Standalone Service Fabric Cluster secured with Windows gMSA
Published Jan 29 2023 09:20 PM 1,572 Views
Microsoft

Background Information

 

To prevent unauthorized access to a Service Fabric cluster, you must secure the cluster. Security is especially important when the cluster runs production workloads. This article describes how to configure node-to-node and client-to-node security by using Windows security, where gMSA is the preferred security model.

 

A standalone Managed Service Account (sMSA) is a managed domain account that provides automatic password management, simplified service principal name (SPN) management and the ability to delegate the management to other administrators.


The group Managed Service Account (gMSA) provides the same functionality within the domain but also extends that functionality over multiple servers. When connecting to a service hosted on a server farm, such as Network Load Balanced solution, the authentication protocols supporting mutual authentication require that all instances of the services use the same principal. When a gMSA is used as service principals, the Windows operating system manages the password for the account instead of relying on the administrator to manage the password.

 

 

Scenario:

  • SFC Running on Azure VMSS - 4 Nodes behind an Azure Load Balancer
  • Standalone Service Fabric Cluster secured by Windows gMSA
  • VM's running on Windows Server 2022 (same exact scenario is fully working Windows Server 2019, while on other OS needs to be tested)
  • This is just a demo setup! We strongly recommend to follow all the planning, security and all other guidelines per each product.

 

Table of Content

Step 1 - Create the infrastructure to host Service Fabric cluster

Step 2 - Setup Node0 as Active Directory - Domain Controller

Step 3 - Join servers to newly created AD Domain

Step 4 - Create gMSA Service Account & Join nodes

Step 5 - Prepare nodes for SFC and deploy Service Fabric cluster secured with gMSA Service Account

 

 

 

 

Step 1 - Create the infrastructure to host Service Fabric cluster

 

Since this step depends on the business needs, we will skip it. Standalone Service Fabric Cluster can run on any environment (On-Prem, Azure VMSS, AWS or any other cloud platform that complies with the minimum requirement of SF and gMSA).

Find below article on how to setup the infrastructure on Azure & AWS:

Create infrastructure for a cluster on Azure VMs - Azure Service Fabric | Microsoft Learn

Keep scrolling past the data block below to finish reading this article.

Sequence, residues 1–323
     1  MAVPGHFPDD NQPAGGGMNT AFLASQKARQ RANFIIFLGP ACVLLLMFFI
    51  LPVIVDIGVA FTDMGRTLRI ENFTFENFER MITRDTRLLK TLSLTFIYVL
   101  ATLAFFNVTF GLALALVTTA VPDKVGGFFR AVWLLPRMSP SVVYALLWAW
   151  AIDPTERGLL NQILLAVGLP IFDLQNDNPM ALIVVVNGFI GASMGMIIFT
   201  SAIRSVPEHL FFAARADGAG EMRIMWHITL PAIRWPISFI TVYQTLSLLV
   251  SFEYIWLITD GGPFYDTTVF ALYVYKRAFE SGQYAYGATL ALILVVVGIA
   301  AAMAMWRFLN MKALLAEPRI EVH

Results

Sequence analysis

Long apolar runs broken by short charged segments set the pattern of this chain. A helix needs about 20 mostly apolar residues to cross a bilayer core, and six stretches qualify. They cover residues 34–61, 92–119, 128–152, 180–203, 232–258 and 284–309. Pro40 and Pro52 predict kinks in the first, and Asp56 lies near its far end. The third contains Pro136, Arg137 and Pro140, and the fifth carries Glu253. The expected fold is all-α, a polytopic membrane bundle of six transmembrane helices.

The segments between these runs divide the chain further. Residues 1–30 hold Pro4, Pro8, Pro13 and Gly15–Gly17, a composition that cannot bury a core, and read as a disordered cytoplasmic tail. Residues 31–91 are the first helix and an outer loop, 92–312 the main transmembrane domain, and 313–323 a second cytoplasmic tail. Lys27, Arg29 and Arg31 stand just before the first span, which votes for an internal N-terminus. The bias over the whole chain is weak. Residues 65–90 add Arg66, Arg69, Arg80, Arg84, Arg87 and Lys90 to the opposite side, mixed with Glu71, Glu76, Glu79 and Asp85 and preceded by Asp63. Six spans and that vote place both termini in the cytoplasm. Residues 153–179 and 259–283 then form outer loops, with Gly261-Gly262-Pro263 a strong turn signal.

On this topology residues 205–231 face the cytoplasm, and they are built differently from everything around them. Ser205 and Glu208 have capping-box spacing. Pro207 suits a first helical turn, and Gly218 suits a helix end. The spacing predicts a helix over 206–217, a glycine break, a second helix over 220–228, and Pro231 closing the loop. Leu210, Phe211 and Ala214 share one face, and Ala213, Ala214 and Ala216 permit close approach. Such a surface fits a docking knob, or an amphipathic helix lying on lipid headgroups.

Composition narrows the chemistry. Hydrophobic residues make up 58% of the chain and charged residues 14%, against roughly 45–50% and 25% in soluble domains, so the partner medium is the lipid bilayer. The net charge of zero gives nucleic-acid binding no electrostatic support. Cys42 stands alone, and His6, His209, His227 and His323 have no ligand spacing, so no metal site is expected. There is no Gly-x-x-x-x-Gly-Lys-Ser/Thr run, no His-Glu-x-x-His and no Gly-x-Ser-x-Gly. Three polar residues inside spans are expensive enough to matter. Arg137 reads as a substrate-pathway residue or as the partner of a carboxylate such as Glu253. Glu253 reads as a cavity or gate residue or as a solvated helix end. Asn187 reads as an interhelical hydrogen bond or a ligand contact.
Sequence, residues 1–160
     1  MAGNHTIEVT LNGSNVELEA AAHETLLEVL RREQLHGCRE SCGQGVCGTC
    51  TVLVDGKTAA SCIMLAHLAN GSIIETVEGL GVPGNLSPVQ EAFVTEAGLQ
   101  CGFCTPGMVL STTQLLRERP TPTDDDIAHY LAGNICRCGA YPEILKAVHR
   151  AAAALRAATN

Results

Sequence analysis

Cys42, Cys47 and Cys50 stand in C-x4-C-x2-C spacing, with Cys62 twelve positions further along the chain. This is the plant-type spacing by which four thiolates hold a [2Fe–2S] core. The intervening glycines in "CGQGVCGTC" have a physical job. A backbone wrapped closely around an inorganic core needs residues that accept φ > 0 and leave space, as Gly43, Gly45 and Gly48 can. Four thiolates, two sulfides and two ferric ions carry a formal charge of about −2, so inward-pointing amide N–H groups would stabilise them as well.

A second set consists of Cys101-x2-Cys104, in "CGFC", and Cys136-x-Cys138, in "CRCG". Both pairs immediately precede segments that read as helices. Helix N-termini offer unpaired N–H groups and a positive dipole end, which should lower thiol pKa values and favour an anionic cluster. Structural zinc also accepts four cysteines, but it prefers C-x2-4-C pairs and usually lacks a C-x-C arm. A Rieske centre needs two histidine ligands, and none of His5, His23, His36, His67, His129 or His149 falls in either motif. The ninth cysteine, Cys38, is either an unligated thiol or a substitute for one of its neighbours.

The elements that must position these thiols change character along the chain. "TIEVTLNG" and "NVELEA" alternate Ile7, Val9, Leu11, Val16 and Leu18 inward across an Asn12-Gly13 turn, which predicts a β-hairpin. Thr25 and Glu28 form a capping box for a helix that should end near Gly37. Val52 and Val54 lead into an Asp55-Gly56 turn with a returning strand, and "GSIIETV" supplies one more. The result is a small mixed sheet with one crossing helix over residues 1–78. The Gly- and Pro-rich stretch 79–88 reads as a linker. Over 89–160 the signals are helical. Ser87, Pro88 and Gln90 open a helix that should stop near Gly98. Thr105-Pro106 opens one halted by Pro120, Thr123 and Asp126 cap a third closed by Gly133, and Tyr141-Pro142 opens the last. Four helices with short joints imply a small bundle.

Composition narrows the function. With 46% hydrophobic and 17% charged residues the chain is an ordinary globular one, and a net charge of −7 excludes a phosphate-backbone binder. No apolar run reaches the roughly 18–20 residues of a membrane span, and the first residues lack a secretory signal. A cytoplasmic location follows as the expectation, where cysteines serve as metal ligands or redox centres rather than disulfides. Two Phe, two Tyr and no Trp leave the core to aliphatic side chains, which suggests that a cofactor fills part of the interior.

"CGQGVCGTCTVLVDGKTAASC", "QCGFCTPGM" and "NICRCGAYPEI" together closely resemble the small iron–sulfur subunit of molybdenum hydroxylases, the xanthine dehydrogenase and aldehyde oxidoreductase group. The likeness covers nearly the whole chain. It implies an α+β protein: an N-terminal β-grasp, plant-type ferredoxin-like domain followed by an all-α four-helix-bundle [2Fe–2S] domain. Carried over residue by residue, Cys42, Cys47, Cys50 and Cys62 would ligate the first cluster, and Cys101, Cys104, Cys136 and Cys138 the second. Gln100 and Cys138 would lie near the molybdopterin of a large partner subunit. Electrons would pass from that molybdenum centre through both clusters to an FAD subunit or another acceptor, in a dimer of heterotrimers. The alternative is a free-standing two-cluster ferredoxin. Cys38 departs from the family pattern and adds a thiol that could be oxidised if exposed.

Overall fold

Create infrastructure for a cluster on AWS - Azure Service Fabric | Microsoft Learn

 

Keep in mind that for SFC secured with Windows Security, gMSA in particular, we will need at least 4 nodes: 1 AD Domain Controller + 3 Cluster Nodes.

 

As always, be mindful about the cluster capacity planning. You can decide upon your environment that will host SFC by following the guidelines described in the following article: Service Fabric cluster capacity planning considerations - Azure Service Fabric | Microsoft Learn
 

Step 2 - Setup Node0 as Active Directory - Domain Controller

 

2.1 Setup Active Directory

  • As soon as we have access to node0, we should go to Server Manager:
    -> Add Roles and Features -> Role-based or feature-based installation ->  Select : "Active Directory Domain Services" & DNS Server and install these features:

     

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2.2 Setup node0 as Active Directory Domain Controller

 

  • Just after the feature installation is finished, we can go ahead and promote this node as Domain Controller (DC):
    • In Server Manager open the Notification Flag -> Post Deployment configuration -> "Promote this server to a domain controller" :
       

VladSterian_4-1673605765418.png

 

 

  • From the Deployment Configuration tab we will select the "Add a new forest" option and we will provide a Root Domain name which can be anything you want and then click on Next to proceed:
     

VladSterian_5-1673605765418.png

 

  • Select a functional level for your forest and domain based on your environment in the Domain Controller Option tab. Please tick the DNS Server and the Global Catalog check boxes because this is the first domain controller inside the forest. Then, for retrieval/restoration of Active Directory data, input the DSRM password. Then, to proceed, click Next:

VladSterian_6-1673605765419.png

 

  • After opening the tab named Additional Options, we will enter a NetBIOS name for our domain which is suggested to be the same as our root domain name entered in previous step.Click Next to proceed.
  • After you confirm and acknowledge the Prerequisites Check you hit Install . Installation should take a couple of minutes and it will require a node Restart.
  • When the Restart is done, please check in Active Directory Users and Computers -> Domain Controllers that your node is now a AD DC:

VladSterian_7-1673605765421.png

 


Step 3 - Join servers to newly created AD Domain

 

Now that we have a functional Domain Controller, we can go ahead and setup the other nodes to join our newly created AD Domain:

 

  • We need to grab the Private IP Address of the DC : we open cmd on DC and quickly run "ipconfig". We can see that the IP is 10.17.0.4 in our case.
    This will be our gateway IP Address for all the other nodes that will join wilddomain.local domain:

VladSterian_8-1673605765422.png

 

 

  • Now we move to our second node and we set this IP as "Preferred DNS Server":

VladSterian_9-1673605765422.png

 

  • Now, that we have made the required network settings, we can go ahead and join this server to our wilddomain.local Domain.
    You will be asked to provide the DC Credentials in order to successfully join. After you get the pop-out that Computer successfully joined domain, you will need to restart the machine to have the setting applied.

VladSterian_10-1673605765423.png

 

 

  • Repeat previous step for each node that will be part of your domain and finally part of your cluster.
  • After you have joined all your Servers, please double check in Active Directory Users and Computers-> Computers that you can see your nodes:

VladSterian_11-1673605765425.png

 

Step 4 - Create gMSA Service Account & Join nodes to the newly created Service Account

 

Now that we have a fully functional AD Domain and all of our servers are already joined our Domain, we can proceed with the gMSA Service Account Creation. We will first deploy our gMSA Service Account on the DC and then move, node by node to join this newly created Service Account.